How old is mature? New definitions could inform federal forest policy
Not all forests are equal in carbon sequestered, mature forests are pulling more weight
Howland Forest, Maine
photo by Miles Grant
A new study, published in the peer-reviewed journal Forests and Global Change, presents the nation’s first assessment of carbon stored in larger trees and mature forests on 11 national forests from the West Coast states to the Appalachian Mountains. This study is a companion to prior work to define, inventory and assess the nation’s older forests published in a special feature on “natural forests for a safe climate” in the same journal. Both studies are in response to President Biden’s Executive Order to inventory mature and old-growth forests for conservation purposes and the global concern about the unprecedented decline of older trees.
Scientists have long demonstrated the importance of larger trees and older forests, but when a tree is considered large or a forest mature has not been clearly defined and is relative to many factors. This study develops an approach to resolve this issue by connecting forest stand age and tree size using information in existing databases. This paper also defines maturity by reference to age of peak carbon capture for forest types in different ecosystems. But the approach is readily applicable across forest types and can be used with other definitions of stand maturity.
Map by Christina Shintani
Key findings include:
- The minimum age at which forests may be considered mature, according to peak carbon capture, ranged from 35 to 75 years among the regions and forest types studied.
- The carbon stored in all trees of the 11 forests totaled 561 million metric tons, of which 73% is in larger trees and 60% is in unprotected larger trees in mature stands.
- For 8 of the 11 forests that had carbon accumulation data, the annual rate was 4.7 million metric tons per year, of which about half is in unprotected larger trees in mature stands.
- Forest stands with the greatest carbon stored and highest annual carbon accumulation were mainly in the Pacific Northwest, and all but one of the national forests (Black Hills in South Dakota due to drought and insect related tree mortality) experienced an increase in above-ground carbon over recent years.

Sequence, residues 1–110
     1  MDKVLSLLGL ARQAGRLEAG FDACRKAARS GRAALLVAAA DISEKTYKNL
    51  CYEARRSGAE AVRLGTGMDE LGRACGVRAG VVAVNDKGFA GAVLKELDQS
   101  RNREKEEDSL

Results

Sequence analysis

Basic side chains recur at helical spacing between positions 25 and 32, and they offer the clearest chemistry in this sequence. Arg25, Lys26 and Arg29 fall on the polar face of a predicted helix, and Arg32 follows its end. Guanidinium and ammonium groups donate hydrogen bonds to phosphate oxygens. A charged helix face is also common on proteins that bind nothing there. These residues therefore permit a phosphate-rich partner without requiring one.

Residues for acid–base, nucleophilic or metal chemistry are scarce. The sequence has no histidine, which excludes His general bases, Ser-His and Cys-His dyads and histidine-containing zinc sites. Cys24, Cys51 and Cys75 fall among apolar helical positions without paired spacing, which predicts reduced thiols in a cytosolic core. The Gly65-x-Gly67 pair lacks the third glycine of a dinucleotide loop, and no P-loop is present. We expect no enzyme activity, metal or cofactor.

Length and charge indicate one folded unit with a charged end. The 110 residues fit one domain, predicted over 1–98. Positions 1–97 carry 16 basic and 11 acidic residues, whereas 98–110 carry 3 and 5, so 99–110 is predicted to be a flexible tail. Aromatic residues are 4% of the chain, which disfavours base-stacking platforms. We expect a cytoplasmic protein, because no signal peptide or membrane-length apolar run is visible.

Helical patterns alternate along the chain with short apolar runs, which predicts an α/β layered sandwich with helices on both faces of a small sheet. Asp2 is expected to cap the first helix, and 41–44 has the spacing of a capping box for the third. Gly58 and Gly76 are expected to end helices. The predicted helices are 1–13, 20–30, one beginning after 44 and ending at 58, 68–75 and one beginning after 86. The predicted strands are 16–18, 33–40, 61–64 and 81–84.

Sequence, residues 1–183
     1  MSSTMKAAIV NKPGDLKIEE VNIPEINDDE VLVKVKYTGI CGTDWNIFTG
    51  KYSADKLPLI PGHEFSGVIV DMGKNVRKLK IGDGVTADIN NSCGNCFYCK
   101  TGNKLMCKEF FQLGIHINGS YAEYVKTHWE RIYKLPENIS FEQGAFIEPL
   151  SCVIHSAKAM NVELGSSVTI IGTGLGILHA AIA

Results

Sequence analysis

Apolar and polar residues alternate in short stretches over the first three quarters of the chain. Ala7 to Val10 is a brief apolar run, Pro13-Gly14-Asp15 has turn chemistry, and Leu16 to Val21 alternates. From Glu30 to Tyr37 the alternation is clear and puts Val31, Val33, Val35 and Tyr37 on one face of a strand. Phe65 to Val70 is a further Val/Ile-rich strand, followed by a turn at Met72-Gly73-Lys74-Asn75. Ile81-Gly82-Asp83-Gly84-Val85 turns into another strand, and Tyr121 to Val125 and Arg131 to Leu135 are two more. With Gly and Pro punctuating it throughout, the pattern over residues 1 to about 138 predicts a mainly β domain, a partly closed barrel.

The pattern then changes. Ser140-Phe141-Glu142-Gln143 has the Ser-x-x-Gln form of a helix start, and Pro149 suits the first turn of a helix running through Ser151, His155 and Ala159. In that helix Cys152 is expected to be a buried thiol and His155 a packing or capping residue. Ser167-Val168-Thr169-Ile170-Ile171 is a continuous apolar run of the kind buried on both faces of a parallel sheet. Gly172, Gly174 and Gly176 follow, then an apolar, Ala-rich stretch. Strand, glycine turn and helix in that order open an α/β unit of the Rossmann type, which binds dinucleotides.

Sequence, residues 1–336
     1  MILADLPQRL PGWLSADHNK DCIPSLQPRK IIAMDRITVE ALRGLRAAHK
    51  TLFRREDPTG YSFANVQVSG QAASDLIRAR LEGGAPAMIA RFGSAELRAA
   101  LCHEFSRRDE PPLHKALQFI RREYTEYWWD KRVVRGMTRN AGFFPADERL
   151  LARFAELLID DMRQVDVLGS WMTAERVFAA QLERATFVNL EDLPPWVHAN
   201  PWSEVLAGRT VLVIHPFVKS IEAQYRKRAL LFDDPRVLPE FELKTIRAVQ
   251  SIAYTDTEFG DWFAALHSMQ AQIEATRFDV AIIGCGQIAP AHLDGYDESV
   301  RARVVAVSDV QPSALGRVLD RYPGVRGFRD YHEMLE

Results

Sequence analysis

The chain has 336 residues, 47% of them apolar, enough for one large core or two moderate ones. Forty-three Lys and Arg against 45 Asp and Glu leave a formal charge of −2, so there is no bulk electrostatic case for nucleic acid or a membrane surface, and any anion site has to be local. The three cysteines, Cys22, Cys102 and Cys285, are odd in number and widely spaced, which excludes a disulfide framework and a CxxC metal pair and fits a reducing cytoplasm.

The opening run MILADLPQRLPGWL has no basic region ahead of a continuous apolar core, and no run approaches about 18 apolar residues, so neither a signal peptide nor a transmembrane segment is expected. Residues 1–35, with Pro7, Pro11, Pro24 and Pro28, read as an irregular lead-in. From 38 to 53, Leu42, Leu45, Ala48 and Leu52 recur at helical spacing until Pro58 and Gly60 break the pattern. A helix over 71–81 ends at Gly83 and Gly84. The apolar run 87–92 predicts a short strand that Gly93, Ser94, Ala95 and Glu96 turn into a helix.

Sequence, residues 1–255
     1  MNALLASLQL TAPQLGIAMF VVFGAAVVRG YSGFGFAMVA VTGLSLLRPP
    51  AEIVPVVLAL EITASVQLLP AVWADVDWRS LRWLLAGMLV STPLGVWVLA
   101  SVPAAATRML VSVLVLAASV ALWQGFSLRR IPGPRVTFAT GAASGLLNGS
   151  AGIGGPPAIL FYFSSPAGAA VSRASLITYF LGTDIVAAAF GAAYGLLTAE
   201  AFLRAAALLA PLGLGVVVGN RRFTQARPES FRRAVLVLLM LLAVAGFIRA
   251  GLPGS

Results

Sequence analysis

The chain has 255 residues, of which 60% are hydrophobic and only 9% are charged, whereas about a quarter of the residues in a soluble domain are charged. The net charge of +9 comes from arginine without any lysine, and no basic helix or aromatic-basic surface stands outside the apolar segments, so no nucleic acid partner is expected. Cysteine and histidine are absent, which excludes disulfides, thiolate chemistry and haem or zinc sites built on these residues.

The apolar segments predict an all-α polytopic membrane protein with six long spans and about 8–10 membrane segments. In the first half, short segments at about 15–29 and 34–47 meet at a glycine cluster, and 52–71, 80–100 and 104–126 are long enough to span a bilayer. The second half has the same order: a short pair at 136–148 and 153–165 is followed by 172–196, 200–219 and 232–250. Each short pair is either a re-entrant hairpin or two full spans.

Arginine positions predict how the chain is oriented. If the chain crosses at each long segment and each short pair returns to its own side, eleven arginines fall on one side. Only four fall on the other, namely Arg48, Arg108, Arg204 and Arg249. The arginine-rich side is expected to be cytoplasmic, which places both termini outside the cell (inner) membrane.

Researchers used thousands of forest plots obtained from the U.S. Forest Service “Forest Inventory and Analysis” (FIA) dataset to determine the amount of carbon absorbed from the atmosphere that accumulates and is stored in individual trees as they mature. As trees age, they absorb and store more carbon than smaller trees, making them uniquely important as nature-based climate solutions. Additionally, as the entire forest matures, it collectively accumulates massive amounts of carbon over centuries in vegetation and soils. The study identified the forest age at which carbon accumulation is greatest, and used that as the threshold for defining a “mature” forest. Scientists also determined the median diameter of trees at this threshold age and how much of the forest carbon of the larger trees in mature forests is unprotected from logging. The amount of carbon in unprotected larger trees in mature stands of the 11 forests studied, representing only 6% of federal forest land, is equivalent to one-quarter of annual emissions of carbon dioxide from fossil fuels in the U.S. This is consistent with prior work.
According to lead researcher, Dr. Richard Birdsey of Woodwell Climate Research Center, “our study determined when an individual tree in a forest can be considered mature and when the forest itself is at an optimal rate of carbon capture and storage for conservation purposes. It is directly responsive to the president’s executive order.”
The Biden administration has set bold emissions reduction targets of 50-52% of 2005 levels and recently announced a “roadmap for nature-based solutions” as part of this effort. However, the roadmap neglects to connect the importance of protecting older forests to the climate targets. Federal agencies are proceeding with an inventory of mature and old-growth forests in response to the executive order, but policies regarding their management have not yet been established. By protecting older forests and trees on federal lands from avoidable logging, the Biden administration can help close the gap on its emissions reduction goals. The methodology in this paper provides a readily implementable path for critical policy solutions.
According to Dr. Dominick DellaSala, Chief Scientist at Wild Heritage, “there seems to be a big disconnect between what the White House is wanting and how federal agencies are responding to the president’s forest and climate directives. While the Forest Service recently withdrew a controversial timber sale in older forests on the Willamette National Forest in Oregon (“Flat Country Project”) because it was inconsistent with the president’s directives, dozens of timber sales in older forests remain on the chopping block.”
Dr. Carolyn Ramírez, Staff Scientist with the Forests Project at the Natural Resources Defense Council, pointed to the findings as supporting the push by over 100 conservation groups–the Climate Forests Campaign–for a national rulemaking to protect mature forests and big trees from logging for their superior climate and biodiversity benefits: “This work reinforces how essential mature forests on federal lands are to securing our climate future. It’s now up to the agencies to protect these carbon storing champions from the chainsaw with formal safeguards. Our approach shows that logging protections grounded in a straightforward, age-based cutoff—such as 80 years, as many are calling for—would protect significant amounts of carbon, accommodate forest growth differences, and be readily usable in the field.”
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